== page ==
government (Commonwealth, State or Local). You are entitled to hold a personal political belief, and this should not be held against you at work. However, your employer has the right to expect you to perform your work. If you have a conflict of interest because of your political belief, you may not be able to continue in that job.

Political belief discrimination: Holly works at a dental surgery and is considered by all to be a good worker. At a recent election, she handed out how to vote cards for a local candidate. Her boss saw her at the polling booth. The following week he told Holly that she should look for another job as he didn't want 'a Greenie' in the office.

Back to top

Other important/useful information

The Act allows exemptions in some situations which could otherwise be discrimination. Here are some that apply at work.

Genuine occupational requirements for a job

A person may impose genuine occupational requirements for a position. The requirement must be genuine and necessary to do the job.

  • A correctional centre may advertise for 'men only' for a position involving body searches of men.
  • A rape crisis centre for women who have experienced sexual assault may advertise for'women only' counselors.
  • For reasons of authenticity, a film company may advertise for a person of Aboriginal descent to play the leading role in a film about Cathy Freeman.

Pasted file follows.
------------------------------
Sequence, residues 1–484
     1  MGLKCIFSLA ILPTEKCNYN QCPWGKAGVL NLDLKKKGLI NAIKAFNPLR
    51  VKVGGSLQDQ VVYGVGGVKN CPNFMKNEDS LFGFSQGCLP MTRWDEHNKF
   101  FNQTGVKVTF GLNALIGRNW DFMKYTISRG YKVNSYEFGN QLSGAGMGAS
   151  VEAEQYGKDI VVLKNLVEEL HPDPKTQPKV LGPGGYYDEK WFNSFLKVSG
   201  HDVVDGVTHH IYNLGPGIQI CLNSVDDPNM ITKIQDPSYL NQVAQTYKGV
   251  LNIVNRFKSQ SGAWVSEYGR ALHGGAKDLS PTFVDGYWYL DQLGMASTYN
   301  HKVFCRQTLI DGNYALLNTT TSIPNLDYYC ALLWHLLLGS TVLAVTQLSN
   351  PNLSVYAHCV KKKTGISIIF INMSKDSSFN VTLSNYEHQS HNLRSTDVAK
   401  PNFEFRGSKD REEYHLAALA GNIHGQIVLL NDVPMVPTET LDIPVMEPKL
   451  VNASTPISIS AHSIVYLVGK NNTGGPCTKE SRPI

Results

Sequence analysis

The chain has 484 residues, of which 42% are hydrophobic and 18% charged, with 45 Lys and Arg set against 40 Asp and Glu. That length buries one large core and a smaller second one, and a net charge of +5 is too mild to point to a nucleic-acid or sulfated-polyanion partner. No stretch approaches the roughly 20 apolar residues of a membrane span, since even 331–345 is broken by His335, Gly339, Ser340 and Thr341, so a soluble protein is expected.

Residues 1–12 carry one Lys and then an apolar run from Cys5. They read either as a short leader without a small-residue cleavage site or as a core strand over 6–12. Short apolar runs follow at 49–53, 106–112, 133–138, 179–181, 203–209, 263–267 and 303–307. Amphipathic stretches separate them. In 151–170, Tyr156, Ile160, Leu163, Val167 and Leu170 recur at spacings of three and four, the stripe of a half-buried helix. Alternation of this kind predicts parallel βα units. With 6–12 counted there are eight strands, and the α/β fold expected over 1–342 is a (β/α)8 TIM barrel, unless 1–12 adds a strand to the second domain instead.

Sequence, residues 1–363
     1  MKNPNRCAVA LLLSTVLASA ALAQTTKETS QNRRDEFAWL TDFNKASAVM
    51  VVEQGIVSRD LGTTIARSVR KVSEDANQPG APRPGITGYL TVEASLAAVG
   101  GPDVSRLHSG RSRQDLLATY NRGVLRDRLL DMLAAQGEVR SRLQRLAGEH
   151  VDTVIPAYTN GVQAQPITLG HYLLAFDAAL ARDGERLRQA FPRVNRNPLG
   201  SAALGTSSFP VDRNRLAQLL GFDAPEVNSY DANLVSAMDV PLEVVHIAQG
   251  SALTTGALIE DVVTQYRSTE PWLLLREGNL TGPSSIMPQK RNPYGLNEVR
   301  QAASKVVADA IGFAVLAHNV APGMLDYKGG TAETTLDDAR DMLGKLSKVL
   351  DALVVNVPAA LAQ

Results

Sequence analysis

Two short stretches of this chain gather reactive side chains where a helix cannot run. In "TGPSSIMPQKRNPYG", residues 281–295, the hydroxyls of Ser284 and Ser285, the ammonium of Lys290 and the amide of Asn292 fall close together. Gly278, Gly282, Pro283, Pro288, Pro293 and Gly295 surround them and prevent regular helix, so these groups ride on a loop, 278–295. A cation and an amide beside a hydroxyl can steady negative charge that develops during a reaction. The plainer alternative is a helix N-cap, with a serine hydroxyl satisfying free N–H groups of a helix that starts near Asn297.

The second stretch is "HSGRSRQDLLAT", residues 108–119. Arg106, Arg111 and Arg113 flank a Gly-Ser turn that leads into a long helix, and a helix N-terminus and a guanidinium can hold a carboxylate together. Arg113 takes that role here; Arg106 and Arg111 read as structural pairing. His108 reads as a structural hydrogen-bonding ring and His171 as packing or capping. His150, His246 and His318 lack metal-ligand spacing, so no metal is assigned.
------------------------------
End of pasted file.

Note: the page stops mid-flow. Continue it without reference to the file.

Youth wages

It is not unlawful to pay a worker under 21 years of age a rate according to their age.

Special services or facilities required for a worker with an impairment

An employer may discriminate against a worker with an impairment if both of the following conditions are met

  • they need special services or facilities AND
  • to supply these services or facilities would cause unjustifiable hardship to the employer .

John works as a sales rep for a small business. He drives around the suburbs in the work van topping up stock. He recently had a stroke and has been off work. Although making a good recovery, he is not able to drive the work van. His employer has explored the option of having the van modified so that John can drive it, but the quote came in at $25,000. The employer may be able to argue that to provide the special facilities to allow John to drive would impose unjustifiable hardship on the business.

Welfare measures

A person may provide a special service, benefit or facility to assist or advance a group of people for
whose benefit the Act was intended.

A subsidy paid by the employer, towards gym membership for workers with serious weight issues, diabetes or other medical conditions that would be assisted by regular exercise.

Equal opportunity measures

An employer may do an act to promote equal opportunity for a disadvantaged group of people with a particular attribute (such as race, age, sex, impairment). This gives such people a chance they might not otherwise get.

  • A law firm may invite Aboriginal or Torres Strait Islander students to apply for a placement with their firm.